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Review: Superposition, STUN

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Image: Tamsin Drury

Superposition by Chanje Kunda

STUN, Manchester

“The great thing about lap dancing is it’s universal, you can do it anywhere”

Take a seat in a smoky night club. Await your performer. You paid for her time, after all. But, before all of that, you need some etiquette lessons in the art of erotic dance.

Superposition is a funny, honest, frank and hopeful look at the questions that surround the universe, through the juxtaposed lens of lap dancing and quantum physics. Chanje Kunda has successfully taken two concepts that you wouldn’t normally find in the same sentence and flawlessly merged them into a dialogue around bodies, ethics and being. We are invited to attend a sequence of lessons that are erotic dancing’s answer to Summer Magic’s ‘Femininity’ We watch Chanje put on a pair of the most glorious ‘stripper shoes’ and then join her in a guided demonstration of walking, winking, floor fuckery and how to captivate your paying ‘guest’ through dance. These lessons describe the art in a crisp and focused manner yet, the demonstration is wholeheartedly funny and relateable. Watching Chanje wobble in her sky high heels and try to deliver these poses with elegance reminds us of the awkwardness we’ve all felt when trying to learn to walk in heels and how to do ‘sexy’ in the way that society expects us to.

In between lessons, Chanje recounts encounters as a visitor to lap dancing clubs and how mesmirising it is to watch someone dance. These re-tellings are poetic in nature and allow us to journey back with Chanje and visualise the setting. Beautifully complimented by sharp yet subtle physicality, Superposition is an honest and in depth look at how we think and react to bodies and the spaces they reside in.

There is something quite beautiful about how real and truthful this piece is. As Chanje shares her own experience of lap dancing lessons, we are all reminded that our internal dialogues in group settings are incredibly valid and often very funny. When she describes how they all undressed in front of each other and she was left completely baffled by the differences in pubic hair between herself and her white counterparts, we cannot help but laugh at the bluntness of this thought being verbalised. Given that the media likes nothing more than to peddle the myth that body hair is wrong and that you’re either hairless or a super hairy feminist, it was nice to hear this unfiltered unpacking of how much of what we’ve been told is nonsense and the reality that the only real shared characteristic of bodies is purely that they are bodies. And, it is their variation that makes them truly beautiful.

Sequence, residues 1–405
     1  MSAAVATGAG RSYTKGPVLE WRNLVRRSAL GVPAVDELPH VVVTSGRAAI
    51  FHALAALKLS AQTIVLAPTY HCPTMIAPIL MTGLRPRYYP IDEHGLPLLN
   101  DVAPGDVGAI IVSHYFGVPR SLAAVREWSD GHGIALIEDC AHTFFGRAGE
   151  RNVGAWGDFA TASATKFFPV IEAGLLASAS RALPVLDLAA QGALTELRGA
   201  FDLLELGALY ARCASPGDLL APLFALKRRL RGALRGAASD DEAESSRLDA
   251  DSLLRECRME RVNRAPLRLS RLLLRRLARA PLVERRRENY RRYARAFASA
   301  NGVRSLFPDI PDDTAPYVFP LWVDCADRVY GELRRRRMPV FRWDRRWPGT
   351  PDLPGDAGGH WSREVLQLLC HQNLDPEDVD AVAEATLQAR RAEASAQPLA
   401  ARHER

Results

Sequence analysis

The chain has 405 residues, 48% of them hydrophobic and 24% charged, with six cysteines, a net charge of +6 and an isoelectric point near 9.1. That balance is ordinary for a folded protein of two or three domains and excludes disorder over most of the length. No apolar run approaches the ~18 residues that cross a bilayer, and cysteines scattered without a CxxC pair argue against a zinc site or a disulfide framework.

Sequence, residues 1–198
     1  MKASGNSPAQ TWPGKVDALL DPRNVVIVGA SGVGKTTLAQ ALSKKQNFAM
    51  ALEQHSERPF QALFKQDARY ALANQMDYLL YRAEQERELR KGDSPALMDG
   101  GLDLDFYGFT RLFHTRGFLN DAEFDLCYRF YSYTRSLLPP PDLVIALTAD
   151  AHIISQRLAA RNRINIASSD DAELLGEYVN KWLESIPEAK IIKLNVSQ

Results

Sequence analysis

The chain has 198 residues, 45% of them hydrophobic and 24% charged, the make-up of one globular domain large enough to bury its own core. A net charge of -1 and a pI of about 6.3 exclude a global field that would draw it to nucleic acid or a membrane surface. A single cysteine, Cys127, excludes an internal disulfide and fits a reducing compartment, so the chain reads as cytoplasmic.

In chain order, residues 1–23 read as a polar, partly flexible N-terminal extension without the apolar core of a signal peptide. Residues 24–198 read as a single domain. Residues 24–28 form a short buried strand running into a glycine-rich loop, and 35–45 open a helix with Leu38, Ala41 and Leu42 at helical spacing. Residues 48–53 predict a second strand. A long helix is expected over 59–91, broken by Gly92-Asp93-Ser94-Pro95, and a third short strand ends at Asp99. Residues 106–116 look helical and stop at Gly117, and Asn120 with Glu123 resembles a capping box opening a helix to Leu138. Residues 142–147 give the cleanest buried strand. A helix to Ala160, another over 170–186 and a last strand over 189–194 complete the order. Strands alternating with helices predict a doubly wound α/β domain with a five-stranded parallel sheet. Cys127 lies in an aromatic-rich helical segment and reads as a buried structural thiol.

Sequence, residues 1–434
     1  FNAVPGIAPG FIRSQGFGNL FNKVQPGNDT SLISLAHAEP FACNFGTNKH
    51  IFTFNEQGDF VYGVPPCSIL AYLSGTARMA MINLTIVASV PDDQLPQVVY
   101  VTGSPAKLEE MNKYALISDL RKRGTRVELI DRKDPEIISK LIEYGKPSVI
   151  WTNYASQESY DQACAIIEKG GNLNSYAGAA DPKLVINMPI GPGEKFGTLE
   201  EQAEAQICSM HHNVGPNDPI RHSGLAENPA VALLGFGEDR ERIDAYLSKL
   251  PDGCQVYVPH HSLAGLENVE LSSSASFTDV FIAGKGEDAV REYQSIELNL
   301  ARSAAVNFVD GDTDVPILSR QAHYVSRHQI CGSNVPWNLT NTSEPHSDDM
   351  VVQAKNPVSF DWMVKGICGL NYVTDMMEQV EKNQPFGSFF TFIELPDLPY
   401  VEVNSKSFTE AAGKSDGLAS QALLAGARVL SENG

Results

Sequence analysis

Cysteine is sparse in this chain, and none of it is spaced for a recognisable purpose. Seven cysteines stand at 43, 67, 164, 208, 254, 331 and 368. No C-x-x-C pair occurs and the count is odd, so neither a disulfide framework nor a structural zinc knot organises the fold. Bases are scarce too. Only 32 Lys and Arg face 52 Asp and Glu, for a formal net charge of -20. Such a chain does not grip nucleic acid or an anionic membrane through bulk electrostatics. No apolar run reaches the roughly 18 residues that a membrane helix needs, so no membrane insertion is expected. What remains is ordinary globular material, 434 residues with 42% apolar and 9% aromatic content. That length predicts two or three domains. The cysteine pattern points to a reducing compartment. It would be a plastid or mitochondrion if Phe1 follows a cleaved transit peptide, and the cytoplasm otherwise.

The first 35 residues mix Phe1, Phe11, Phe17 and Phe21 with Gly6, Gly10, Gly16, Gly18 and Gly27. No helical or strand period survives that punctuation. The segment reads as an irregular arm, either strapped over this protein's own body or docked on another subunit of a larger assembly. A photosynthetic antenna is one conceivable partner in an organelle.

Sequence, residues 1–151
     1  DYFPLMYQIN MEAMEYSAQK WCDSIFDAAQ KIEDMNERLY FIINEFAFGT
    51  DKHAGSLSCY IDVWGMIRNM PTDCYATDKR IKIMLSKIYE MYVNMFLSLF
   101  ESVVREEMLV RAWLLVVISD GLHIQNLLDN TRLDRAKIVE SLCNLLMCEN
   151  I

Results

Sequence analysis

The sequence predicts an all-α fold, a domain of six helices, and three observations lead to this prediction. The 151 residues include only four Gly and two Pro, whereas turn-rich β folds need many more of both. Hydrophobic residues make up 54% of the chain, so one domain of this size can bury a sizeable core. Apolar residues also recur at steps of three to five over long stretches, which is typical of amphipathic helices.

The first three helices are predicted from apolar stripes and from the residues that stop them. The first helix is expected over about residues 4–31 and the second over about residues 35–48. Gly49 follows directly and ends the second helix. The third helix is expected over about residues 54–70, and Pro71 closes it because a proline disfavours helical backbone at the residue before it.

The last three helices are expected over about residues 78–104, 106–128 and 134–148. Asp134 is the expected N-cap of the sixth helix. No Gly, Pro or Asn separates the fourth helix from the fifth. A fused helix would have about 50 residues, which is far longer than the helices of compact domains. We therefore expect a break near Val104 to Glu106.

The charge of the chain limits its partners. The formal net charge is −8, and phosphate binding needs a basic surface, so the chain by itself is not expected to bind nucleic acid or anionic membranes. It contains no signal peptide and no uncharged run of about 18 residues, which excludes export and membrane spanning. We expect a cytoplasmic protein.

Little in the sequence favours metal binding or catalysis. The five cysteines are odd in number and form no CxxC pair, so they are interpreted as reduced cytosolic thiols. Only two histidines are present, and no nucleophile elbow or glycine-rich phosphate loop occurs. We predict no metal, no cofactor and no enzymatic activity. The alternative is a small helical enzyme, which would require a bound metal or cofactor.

Superposition is an invitation to a self assessment and a learning curve that you invested in. Chanje steps out of her meeting with her fellow lap dancing students and provokes us: “I let you watch me because you paid… I wonder what you think of my body”. And in this statement, we are forced to consider the politics of ownership, trade and, the commodification and policing that surrounds bodies but, more specifically black women’s bodies. In our journey down the rabbit hole, Chanje has created a space in which she challenges perceptions of black bodies and expresses the strength and beauty they possess. She looks into the hypersexualisation yet simultaneous ‘ugly’ stereotypes that surround black bodies and through the use of physics, explains black excellence. This is a piece of theatre that every black woman needs to see. It is uplifting and a concrete reminder that we are allowed to be apologetically black and that we are as beautiful as the universe itself because we are part of it.  It is in her declaration of wants “I want to display/dance/exhibit/own my black body” that she shows the defiance, honesty and self love that every black woman deserves to have in their life.

As this performance was a work in progress, the depth of and attention to big and somewhat taboo topics was commendable and I cannot wait to see the completed show when it premiers in October 2017.

Verdict: Superposition is the empowering evening that every black woman deserves. We are invited to contemplate time, loneliness, beauty and strength – all through a dialogue that would make a great mindfulness album. A cathartic, funny and brutally honest show about bodies, particles and the universe. Stunning!

 

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